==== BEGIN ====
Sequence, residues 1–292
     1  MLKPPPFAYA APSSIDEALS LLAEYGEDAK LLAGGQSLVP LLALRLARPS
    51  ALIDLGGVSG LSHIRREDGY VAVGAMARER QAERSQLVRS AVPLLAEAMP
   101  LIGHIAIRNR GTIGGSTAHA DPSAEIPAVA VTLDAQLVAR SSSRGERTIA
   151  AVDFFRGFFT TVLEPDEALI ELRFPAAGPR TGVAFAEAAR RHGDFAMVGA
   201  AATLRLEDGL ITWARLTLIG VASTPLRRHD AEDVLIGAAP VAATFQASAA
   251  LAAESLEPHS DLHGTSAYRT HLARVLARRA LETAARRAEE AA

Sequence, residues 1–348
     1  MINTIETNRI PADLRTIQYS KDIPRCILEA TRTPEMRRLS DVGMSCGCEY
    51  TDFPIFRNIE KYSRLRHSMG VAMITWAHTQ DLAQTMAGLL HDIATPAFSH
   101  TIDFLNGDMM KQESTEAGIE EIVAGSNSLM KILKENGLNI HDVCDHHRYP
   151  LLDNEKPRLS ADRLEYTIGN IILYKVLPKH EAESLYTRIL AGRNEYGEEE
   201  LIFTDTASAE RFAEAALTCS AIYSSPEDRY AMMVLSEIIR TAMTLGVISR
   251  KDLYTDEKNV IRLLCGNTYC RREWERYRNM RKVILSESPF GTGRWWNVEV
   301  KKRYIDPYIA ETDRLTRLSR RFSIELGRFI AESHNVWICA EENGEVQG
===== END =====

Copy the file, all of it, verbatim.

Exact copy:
Sequence, residues 1–292
     1  MLKPPPFAYA APSSIDEALS LLAEYGEDAK LLAGGQSLVP LLALRLARPS
    51  ALIDLGGVSG LSHIRREDGY VAVGAMARER QAERSQLVRS AVPLLAEAMP
   101  LIGHIAIRNR GTIGGSTAHA DPSAEIPAVA VTLDAQLVAR SSSRGERTIA
   151  AVDFFRGFFT TVLEPDEALI ELRFPAAGPR TGVAFAEAAR RHGDFAMVGA
   201  AATLRLEDGL ITWARLTLIG VASTPLRRHD AEDVLIGAAP VAATFQASAA
   251  LAAESLEPHS DLHGTSAYRT HLARVLARRA LETAARRAEE AA

Sequence, residues 1–348
     1  MINTIETNRI PADLRTIQYS KDIPRCILEA TRTPEMRRLS DVGMSCGCEY
    51  TDFPIFRNIE KYSRLRHSMG VAMITWAHTQ DLAQTMAGLL HDIATPAFSH
   101  TIDFLNGDMM KQESTEAGIE EIVAGSNSLM KILKENGLNI HDVCDHHRYP
   151  LLDNEKPRLS ADRLEYTIGN IILYKVLPKH EAESLYTRIL AGRNEYGEEE
   201  LIFTDTASAE RFAEAALTCS AIYSSPEDRY AMMVLSEIIR TAMTLGVISR
   251  KDLYTDEKNV IRLLCGNTYC RREWERYRNM RKVILSESPF GTGRWWNVEV
   301  KKRYIDPYIA ETDRLTRLSR RFSIELGRFI AESHNVWICA EENGEVQG